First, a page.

It has taken decades, many billions of dollars of cost overruns, financial meltdown and unresolved legal battles. And that’s the good part of the story. In 2018, with a rare bit of good luck, two types of nuclear reactor that are meant to herald a new era for the technology will at last be up and running. The bad news for the industry is that they are probably too late to halt the slow death of the nuclear dream. In Sanmen, in eastern China, the first AP1000 reactor is expected to reach full power in 2018. That will ease some of the gloom that has shrouded the industry since its manufacturer, Westinghouse (which is a subsidiary of Toshiba), filed for bankruptcy in America in 2017. At Taishan, in Guangdong province, two European pressurised reactions (EPRs) made by Areva, an all-but-bust French producer, are also likely to start up in late 2017 and early 2018, respectively. If all goes according to plan, a Finnish EPR, Olkiluoto 3, will connect to the grid by the end of 2018, which would make it western Europe’s first nuclear power station since 2002. But both the AP1000 and the EPR also suffered from runaway internal problems. The reactors were overengineered and suffered failures along the supply chain. Legal disputes also slowed things down. A dispute about cost overruns, between TVO, the Finnish utility that owns Olkiluoto 3, and Areva and Siemens, the German engineering group, which built it, rumbles on. That threatens the availability of “financial, technical and human resources” to finish the project, TVO says. But the amount of nuclear energy that will add to the grid is dwarfed by the amount of renewable energy coming on-stream. According to The World Nuclear Industry Status Report 2017, by the start of 2018 solar PV capacity in China will rival that of nuclear, and will more than double it by 2022. Globally, the falling cost of natural gas and renewables is making the case for nuclear less compelling. Politics is not helping either. Nuclear powerhouses such as France and South Korea are now led by presidents who are losing interest in atomic energy. But, in America, the Trump administration wants to throw a lifeline to nuclear energy and coal.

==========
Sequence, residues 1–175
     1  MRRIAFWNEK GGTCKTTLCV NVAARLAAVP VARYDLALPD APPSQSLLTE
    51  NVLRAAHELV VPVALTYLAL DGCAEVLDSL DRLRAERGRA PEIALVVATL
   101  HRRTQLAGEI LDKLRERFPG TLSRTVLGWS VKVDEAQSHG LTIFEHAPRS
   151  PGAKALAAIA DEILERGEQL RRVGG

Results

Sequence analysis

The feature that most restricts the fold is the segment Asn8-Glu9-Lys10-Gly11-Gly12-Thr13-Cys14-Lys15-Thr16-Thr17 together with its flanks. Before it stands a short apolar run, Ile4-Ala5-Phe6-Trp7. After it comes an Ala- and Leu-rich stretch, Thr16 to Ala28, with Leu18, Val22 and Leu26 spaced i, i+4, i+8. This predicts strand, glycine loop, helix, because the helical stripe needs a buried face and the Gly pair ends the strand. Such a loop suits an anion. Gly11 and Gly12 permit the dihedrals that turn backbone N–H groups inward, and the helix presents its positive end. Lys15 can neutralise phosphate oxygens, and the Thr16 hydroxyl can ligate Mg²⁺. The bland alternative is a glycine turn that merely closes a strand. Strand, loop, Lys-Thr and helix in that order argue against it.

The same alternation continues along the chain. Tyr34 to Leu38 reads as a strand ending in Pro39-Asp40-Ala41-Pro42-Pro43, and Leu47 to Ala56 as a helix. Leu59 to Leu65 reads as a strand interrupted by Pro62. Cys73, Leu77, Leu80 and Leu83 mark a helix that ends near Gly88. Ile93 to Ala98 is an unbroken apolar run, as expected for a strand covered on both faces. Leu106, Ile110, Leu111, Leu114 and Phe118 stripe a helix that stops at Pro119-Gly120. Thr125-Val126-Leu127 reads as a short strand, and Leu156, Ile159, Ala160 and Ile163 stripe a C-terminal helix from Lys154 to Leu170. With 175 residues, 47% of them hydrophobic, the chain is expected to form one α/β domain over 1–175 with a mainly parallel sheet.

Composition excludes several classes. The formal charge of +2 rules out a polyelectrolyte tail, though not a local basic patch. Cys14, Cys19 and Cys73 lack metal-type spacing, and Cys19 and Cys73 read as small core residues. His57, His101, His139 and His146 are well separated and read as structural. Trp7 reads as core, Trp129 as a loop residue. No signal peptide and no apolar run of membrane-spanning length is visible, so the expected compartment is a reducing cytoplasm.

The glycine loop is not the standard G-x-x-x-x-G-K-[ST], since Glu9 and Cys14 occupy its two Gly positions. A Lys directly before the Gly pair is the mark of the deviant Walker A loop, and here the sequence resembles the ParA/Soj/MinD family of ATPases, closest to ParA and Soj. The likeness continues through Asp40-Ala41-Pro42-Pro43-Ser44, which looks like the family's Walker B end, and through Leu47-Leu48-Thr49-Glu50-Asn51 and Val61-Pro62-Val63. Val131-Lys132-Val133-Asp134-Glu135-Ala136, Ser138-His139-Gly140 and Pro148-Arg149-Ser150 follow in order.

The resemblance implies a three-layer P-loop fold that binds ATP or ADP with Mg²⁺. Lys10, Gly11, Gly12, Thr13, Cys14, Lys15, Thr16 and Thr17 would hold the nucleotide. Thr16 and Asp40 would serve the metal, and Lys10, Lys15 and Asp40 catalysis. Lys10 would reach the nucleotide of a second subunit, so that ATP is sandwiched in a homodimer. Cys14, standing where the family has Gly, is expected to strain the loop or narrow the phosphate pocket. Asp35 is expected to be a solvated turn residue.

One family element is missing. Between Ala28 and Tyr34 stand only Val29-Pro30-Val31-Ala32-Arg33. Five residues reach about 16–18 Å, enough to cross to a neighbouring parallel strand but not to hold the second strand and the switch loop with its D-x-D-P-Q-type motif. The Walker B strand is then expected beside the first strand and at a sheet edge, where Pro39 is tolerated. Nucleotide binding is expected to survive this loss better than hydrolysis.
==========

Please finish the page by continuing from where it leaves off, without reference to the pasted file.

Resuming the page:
Economist 23rd Dec 2017 read more »